DELIA GRACE1, ERASTUS KANG'ETHE2, AMOS OMORE1, THOMAS RANDOLPH3
1International Livestock Research Institute (ILRI), Market Opportunities Theme, Kenya
2University of Nairobi, Department of Public Health, Pharmacology and Toxicology, Kenya
3International Livestock Research Institute (ILRI), Livestock & Human Health, Kenya
Rapid urbanisation, globalisation and intensification of livestock production in developing countries are causing dramatic changes in food production, supply and consumption with the potential of generating unprecedented opportunities for poor farmers, processors and traders.
Most poor people buy and sell in informal markets which have escaped safety and quality regulation. Studies on livestock products in these markets typically find high levels of pathogens and other hazards such as toxins or drug residues. These not only impose a heavy burden of avoidable sickness and death, but constrain producer access to higher value markets where standards prevail.
Managing food safety in informal markets is challenging: regulation by definition has failed, while lack of knowledge and lack of resources constrain the ability of producers, traders and consumers to self-initiate better food safety. Risk"=based approaches that focus on the harm caused by hazards and use a pathway approach in order to identify the best means of preventing harm are likely to be more effective at ensuring food safety than traditional methods relying on inspection and punishment.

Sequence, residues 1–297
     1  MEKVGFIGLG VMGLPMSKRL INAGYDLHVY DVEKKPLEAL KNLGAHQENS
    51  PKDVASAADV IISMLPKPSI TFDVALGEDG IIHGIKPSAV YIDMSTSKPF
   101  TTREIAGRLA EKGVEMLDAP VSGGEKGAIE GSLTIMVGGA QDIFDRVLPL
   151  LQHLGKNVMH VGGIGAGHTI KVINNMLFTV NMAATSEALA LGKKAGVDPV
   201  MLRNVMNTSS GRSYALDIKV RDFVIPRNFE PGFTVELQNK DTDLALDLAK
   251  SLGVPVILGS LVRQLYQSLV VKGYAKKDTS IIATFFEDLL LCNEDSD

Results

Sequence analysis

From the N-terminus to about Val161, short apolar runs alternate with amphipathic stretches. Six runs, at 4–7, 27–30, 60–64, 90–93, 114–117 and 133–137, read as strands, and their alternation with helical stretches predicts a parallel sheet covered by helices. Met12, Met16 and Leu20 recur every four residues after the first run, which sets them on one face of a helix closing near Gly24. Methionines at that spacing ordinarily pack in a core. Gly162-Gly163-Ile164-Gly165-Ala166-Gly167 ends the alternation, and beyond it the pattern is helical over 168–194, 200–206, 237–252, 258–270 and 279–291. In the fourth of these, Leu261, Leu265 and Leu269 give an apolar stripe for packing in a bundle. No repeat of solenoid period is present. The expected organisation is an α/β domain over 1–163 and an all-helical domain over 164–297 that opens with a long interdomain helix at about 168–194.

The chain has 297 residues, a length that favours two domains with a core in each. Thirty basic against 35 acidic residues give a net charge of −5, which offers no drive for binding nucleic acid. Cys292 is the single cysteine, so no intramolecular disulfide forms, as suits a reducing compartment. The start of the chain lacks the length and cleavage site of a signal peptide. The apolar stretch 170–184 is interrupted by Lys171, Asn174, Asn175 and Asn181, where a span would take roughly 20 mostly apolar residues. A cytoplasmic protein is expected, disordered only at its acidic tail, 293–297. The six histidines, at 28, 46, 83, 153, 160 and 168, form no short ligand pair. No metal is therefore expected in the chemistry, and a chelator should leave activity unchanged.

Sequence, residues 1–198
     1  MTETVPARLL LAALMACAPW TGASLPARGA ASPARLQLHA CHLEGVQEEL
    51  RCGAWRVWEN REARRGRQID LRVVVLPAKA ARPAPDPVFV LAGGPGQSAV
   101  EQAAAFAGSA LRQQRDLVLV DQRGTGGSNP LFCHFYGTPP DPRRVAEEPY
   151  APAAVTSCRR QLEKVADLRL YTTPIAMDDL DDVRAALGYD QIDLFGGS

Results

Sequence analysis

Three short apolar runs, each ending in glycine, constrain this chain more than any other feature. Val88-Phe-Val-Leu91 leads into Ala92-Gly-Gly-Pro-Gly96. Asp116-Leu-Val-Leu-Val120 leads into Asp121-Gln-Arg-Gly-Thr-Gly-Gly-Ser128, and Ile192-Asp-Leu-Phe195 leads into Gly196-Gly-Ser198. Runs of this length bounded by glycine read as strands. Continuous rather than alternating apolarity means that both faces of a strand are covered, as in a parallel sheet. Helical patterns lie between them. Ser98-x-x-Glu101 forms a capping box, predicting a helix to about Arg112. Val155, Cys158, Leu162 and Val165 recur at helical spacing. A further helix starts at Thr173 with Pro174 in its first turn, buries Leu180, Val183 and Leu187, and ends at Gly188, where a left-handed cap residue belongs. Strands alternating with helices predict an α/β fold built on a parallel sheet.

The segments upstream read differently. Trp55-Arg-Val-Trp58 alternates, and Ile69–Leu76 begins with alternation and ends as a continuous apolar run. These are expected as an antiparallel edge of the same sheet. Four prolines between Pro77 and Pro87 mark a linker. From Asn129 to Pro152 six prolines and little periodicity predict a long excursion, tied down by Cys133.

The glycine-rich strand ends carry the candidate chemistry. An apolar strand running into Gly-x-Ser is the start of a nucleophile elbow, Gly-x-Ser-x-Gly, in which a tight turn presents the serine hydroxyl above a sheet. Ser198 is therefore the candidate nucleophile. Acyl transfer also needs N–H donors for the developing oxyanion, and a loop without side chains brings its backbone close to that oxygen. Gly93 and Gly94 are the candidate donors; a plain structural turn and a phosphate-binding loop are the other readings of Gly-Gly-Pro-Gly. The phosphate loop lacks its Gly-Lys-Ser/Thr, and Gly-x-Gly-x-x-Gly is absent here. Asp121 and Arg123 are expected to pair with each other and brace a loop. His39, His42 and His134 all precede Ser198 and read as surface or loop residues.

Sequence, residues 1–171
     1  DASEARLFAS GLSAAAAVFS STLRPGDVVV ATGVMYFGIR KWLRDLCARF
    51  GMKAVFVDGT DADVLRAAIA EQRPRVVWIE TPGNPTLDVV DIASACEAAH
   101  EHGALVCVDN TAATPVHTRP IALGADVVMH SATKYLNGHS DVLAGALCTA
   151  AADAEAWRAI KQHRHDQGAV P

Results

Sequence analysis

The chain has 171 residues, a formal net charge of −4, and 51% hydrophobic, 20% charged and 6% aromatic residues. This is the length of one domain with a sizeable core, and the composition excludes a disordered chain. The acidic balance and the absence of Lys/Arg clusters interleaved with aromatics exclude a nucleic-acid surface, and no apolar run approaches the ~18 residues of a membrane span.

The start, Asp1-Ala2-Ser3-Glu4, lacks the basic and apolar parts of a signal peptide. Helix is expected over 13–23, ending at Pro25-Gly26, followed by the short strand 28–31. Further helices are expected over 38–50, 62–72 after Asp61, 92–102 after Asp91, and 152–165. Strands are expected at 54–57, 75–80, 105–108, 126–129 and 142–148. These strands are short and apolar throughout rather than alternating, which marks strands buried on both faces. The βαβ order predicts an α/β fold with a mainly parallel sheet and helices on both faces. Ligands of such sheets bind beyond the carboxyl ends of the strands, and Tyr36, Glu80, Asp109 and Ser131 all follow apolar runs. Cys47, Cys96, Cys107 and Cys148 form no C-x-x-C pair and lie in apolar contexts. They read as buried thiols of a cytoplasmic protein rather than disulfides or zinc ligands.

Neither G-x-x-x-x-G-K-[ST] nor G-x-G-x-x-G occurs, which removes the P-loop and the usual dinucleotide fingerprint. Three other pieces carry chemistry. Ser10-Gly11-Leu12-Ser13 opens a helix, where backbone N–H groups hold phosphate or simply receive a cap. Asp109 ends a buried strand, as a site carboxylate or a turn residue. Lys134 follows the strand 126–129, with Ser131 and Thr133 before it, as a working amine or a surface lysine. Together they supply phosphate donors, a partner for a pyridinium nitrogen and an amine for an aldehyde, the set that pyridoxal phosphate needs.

This paper reviews risk-based approaches for better management of food"=borne diseases in developing countries, with an emphasis on local markets and emerging diseases. Methodologies developed by the Codex Alimentarius Commission (CAC) are reviewed. The benefits of risk"=based approaches as well as the challenges of adapting them are discussed: we argue that the limited application is partly due to lack of expertise and partly due to difficulties in applying risk assessment to diverse, non"=linear, shifting, and data"=scarce systems in which formal and informal (or traditional) food supply systems co"=exist and overlap; views of various stakeholders on food safety objectives diverge; there is low willingness or ability to pay among consumers for improved food quality, and low enforcement capacity.
Using examples from ongoing case-studies involving emerging food borne diseases in East Africa, we suggest that incorporating participatory methodologies can meet the need for adapted risk analysis appropriate to the developing country context.
Keywords: Food secutity, participatory methodologies, risk assessment